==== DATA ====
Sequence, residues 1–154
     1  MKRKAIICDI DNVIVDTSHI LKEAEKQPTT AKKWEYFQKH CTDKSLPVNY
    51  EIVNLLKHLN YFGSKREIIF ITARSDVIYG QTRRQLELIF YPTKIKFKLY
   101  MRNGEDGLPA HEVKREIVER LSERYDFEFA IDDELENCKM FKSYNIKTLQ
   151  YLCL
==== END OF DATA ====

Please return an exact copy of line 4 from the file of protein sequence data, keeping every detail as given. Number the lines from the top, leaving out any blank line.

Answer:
   101  MRNGEDGLPA HEVKREIVER LSERYDFEFA IDDELENCKM FKSYNIKTLQ